Abbott leads North America at Junior Worlds

Whitehorse's Colin Abbott is putting himself on the orienteering map. For the third day in a row, Abbott was North America's top male competitor at the Junior World Orienteering Championships in Primiero, Italy.

Whitehorse’s Colin Abbott is putting himself on the orienteering map.

For the third day in a row, Abbott was North America’s top male competitor at the Junior World Orienteering Championships in Primiero, Italy.

“Confidence is likely the biggest thing that allowed me to improve so much this year,” said Abbott in an e-mail to the News. “I have more races under my belt, I knew what I needed to do and I didn’t panic in pressing situations.”

Abbott started the championships by immediately reaching his main goal for his second trip the worlds: breaking into the top 100 with a 75th-place finish in the short-distance event. Last year at the Junior Worlds in Sweden, Abbott finished 168th in the short event.

“The run was pretty clean for me,” he said. “I was running really well physically and I could always push where I needed to. However, it was hard to keep my map reading fast. I did make some route choice mistakes, and once left a control 180-degrees the wrong way. I caught myself quickly though and managed to limit my mistakes to no more than 10 to 15 seconds each.”

Although he considers Tuesday’s long-distance event the “most technically challenging” race he has ever run, Abbott again squeaked into double digits with a 95th-place finish.

“The long (distance course) this year was incredibly difficult technically,” said Abbott. “The biggest factor in my improvement this year was my running ability. I was able to push hard for the entire two hours, and even managed to out-sprint a Swede on the last two controls.

“Everyone had difficulties on the course this year. The map contained a huge number of rock features, streams and everything was situated on a side hill to make things trickier.”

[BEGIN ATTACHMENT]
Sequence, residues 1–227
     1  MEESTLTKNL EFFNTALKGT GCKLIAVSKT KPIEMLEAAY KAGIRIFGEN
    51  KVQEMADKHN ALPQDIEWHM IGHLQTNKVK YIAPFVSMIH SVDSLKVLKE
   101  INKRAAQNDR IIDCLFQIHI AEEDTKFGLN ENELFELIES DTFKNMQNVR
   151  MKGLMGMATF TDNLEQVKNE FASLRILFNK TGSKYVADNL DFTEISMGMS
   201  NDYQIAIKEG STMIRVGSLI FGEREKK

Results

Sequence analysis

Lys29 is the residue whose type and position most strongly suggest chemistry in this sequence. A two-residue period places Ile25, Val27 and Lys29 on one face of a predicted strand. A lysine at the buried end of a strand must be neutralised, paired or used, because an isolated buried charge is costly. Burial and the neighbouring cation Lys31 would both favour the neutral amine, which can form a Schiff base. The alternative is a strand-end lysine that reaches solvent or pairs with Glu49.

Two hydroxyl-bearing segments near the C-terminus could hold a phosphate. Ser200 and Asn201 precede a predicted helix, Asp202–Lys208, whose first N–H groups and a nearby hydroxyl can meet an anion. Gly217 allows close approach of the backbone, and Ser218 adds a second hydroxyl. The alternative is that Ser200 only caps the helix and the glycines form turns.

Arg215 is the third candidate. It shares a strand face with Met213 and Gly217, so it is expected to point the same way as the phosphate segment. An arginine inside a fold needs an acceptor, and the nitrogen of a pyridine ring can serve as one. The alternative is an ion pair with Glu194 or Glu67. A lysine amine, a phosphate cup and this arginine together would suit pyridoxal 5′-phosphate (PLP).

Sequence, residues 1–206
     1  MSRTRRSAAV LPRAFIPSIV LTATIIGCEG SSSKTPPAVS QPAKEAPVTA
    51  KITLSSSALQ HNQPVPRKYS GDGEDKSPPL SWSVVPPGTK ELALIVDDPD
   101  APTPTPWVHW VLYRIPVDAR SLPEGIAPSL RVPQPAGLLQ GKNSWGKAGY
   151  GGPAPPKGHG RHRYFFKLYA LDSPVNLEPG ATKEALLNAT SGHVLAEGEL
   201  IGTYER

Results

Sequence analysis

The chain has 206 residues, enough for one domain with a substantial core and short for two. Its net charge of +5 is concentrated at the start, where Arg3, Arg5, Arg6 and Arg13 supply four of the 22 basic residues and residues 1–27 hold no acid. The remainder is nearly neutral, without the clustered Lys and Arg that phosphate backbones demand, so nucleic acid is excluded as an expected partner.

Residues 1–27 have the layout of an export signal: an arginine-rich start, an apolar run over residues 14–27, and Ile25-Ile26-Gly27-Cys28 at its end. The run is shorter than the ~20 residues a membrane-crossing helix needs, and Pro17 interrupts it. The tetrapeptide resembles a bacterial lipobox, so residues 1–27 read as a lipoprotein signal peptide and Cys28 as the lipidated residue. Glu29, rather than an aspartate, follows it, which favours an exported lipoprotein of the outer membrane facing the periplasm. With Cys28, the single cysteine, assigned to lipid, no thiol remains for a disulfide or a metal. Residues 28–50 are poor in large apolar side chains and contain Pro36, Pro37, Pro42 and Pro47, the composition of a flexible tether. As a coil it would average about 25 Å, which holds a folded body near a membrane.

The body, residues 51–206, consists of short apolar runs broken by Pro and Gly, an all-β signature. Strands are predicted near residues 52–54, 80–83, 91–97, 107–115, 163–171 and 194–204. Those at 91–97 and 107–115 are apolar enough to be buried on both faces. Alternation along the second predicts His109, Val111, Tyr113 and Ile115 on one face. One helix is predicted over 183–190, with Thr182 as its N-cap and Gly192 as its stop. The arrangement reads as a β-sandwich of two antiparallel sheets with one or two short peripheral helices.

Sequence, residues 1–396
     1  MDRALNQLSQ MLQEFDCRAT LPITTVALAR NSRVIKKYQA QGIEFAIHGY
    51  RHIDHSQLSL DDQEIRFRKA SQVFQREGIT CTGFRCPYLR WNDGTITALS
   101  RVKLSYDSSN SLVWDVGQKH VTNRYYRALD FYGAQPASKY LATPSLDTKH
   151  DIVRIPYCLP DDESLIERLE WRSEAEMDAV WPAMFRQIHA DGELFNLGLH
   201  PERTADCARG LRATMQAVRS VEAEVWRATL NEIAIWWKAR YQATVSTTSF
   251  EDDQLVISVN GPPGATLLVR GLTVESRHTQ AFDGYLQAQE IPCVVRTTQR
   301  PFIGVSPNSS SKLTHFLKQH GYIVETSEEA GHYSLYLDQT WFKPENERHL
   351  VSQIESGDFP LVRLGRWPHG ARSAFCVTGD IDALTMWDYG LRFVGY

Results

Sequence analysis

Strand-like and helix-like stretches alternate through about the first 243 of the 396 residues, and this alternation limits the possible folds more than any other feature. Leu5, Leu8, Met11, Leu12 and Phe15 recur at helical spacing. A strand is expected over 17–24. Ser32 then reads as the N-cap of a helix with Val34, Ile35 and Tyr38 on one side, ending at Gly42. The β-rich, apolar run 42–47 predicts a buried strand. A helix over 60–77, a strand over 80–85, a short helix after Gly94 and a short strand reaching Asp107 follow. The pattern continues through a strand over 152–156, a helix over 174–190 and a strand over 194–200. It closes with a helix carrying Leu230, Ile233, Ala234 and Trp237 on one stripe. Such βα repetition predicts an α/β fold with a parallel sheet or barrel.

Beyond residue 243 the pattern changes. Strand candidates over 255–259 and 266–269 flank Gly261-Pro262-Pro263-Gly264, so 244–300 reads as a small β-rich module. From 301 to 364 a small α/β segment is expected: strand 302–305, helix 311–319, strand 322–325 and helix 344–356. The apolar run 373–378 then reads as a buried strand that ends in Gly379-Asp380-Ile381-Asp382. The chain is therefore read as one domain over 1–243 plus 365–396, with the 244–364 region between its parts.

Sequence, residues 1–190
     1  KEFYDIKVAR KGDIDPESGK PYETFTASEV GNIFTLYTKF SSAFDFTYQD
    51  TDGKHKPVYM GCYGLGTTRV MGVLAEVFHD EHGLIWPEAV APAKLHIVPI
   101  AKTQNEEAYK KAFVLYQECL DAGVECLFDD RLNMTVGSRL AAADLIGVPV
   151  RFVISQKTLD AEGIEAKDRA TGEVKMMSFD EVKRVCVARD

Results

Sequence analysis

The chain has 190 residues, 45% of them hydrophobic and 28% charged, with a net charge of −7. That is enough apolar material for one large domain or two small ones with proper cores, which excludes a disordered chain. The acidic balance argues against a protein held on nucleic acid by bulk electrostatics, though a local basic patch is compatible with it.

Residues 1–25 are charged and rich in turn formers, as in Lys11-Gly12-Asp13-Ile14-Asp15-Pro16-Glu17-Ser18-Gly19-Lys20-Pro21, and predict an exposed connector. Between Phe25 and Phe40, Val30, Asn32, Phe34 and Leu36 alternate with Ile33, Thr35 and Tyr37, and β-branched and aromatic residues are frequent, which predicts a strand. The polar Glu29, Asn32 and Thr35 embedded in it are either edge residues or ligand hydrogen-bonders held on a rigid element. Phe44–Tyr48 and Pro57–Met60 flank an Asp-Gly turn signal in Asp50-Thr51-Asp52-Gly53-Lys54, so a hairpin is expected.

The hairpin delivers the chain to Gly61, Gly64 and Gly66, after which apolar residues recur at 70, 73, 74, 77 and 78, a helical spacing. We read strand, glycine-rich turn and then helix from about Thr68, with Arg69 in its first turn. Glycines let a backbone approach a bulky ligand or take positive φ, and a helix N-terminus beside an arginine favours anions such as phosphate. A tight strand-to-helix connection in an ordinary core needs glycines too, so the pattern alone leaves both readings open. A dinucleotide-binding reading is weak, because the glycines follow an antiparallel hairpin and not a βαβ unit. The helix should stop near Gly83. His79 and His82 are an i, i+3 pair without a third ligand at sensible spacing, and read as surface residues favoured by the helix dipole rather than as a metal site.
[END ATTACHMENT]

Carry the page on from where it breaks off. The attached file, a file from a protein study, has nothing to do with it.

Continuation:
Today Abbott will be competing the middle-distance event after qualifying in the 35th spot (unofficially) yesterday.

Joining Abbott at the Junior Worlds is teammate Lee Hawkings from Whitehorse. Despite competing while sick, Hawkings has so far improved on his results from Sweden, finishing 139th (up from 148th last year) in the short-distance and 132nd in the long.

“I’m not to sure how to explain my improved results this year,” said Hawkings in an e-mail to the News. “My time here at Junior Worlds is not going that well mainly because I am just starting to get over the sickness I seemed to have picked up on the way here.

“I had a few couple minutes of mistakes on the sprint but and I didn’t feel great running. The map was really technical but my mistakes came on the easier parts because I lost focus.

“On the long I had quite a few mistakes and the map was again really technical. The main thing was that because it hurts to push myself and I felt that I wasn’t really racing.”

Yesterday Hawkings finished the middle-distance qualifying in 53rd place (unofficially).

Contact Tom Patrick at

tomp@yukon-news.com